Blustery academia sometimes coughs up a perfectly delight-filled storm of assumptions. With that quasi-thought in mind, can you count the assumptions in this new study? The study is:
“Female hurricanes are deadlier than male hurricanes,” Kiju Jung, Sharon Shavitt, Madhu Viswanathan, and Joseph M. Hilbe, Proceedings of the National Academy of Sciences (PNAS), epub June 2, 2014.
Here’s one, not atypical, chunk of the study:
“Experiment 6. Participants. A total of 201 students at the University of Illinois at Urbana–Champaign participated for course credit (age, 18–24 y; 113 females).
“Stimuli and procedure. Participants were randomly assigned to one of two conditions: Hurricane Alexander vs. Hurricane Alexandra. The procedure was identical to experiment 5 [“Participants reported intentions to follow a voluntary evacuation order…”] with the following exception. After reporting evacuation intentions, participants completed two unrelated tasks for about 20 min and then reported their gender-trait beliefs.”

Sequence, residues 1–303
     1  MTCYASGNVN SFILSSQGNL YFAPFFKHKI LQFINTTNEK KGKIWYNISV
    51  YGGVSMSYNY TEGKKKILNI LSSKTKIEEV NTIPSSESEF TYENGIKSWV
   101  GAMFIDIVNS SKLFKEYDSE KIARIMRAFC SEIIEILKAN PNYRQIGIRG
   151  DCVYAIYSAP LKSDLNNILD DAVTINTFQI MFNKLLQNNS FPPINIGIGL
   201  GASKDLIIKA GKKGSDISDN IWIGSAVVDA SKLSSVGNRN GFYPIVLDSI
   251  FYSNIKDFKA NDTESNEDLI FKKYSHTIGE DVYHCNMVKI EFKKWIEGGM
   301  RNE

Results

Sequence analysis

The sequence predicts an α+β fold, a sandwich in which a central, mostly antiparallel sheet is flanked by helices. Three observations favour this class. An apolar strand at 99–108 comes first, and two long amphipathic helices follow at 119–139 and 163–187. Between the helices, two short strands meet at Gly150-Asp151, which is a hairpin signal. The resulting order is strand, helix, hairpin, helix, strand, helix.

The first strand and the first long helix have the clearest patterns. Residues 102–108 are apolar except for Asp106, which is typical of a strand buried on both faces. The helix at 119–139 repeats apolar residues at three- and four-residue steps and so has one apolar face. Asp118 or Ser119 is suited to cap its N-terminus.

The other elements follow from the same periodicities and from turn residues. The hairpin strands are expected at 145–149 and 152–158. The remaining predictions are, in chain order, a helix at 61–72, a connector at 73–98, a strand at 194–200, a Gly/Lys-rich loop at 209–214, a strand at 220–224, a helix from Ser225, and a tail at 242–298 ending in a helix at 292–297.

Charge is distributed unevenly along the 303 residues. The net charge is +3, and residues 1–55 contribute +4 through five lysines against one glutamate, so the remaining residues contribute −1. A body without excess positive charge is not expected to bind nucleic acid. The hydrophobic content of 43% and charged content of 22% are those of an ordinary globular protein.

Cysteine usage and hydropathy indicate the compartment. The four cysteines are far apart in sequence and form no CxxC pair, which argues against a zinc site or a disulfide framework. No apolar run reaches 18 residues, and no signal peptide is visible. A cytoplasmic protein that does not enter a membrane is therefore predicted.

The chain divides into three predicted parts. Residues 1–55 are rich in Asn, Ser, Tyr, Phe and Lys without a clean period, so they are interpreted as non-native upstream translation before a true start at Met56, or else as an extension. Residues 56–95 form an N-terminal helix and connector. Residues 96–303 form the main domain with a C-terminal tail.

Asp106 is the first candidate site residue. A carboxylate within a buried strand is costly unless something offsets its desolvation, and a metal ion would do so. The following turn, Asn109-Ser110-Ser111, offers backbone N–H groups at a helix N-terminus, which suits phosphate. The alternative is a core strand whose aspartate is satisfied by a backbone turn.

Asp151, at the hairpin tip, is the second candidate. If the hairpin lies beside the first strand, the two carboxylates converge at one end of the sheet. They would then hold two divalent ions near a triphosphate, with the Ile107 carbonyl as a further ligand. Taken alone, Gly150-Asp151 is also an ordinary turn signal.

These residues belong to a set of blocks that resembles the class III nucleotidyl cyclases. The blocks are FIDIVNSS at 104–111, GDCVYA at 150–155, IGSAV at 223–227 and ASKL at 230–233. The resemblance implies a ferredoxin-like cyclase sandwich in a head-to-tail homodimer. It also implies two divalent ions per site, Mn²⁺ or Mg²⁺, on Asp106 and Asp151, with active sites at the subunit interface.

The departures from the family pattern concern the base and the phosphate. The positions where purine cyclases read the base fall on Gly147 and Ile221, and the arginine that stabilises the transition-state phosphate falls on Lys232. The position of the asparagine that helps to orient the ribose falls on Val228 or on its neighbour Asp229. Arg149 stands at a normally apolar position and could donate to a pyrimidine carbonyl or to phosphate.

If you’d like a head start in counting those assumptions, read this essay by Ed Yong.
The studies in PNAS are peer reviewed. Keep this study in mind the next time you hear someone explain the intrinsic worth, power, and majesty of the peer review process.
(Thank you to the sudden deluge of persons who alerted us to the existence of this study.)
UPDATE: The University of Illinois issues a proud press release, accompanied by this photo of three of the four proud co-authors:
UPDATE (June 3, 2014): The study authors, reacting to a swirl of derision from statisticians and other scientists who examined that study, double down, sticking up for the rectitude of their accomplishments.
UPDATE (August 26, 2014: The authors further pursue their case:
“Reply to Christensen and Christensen and to Malter: Pitfalls of erroneous analyses of hurricanes names,” Proceedings of the National Academy of Sciences, vol. 111 no. 34, 2014, E3499–E3500.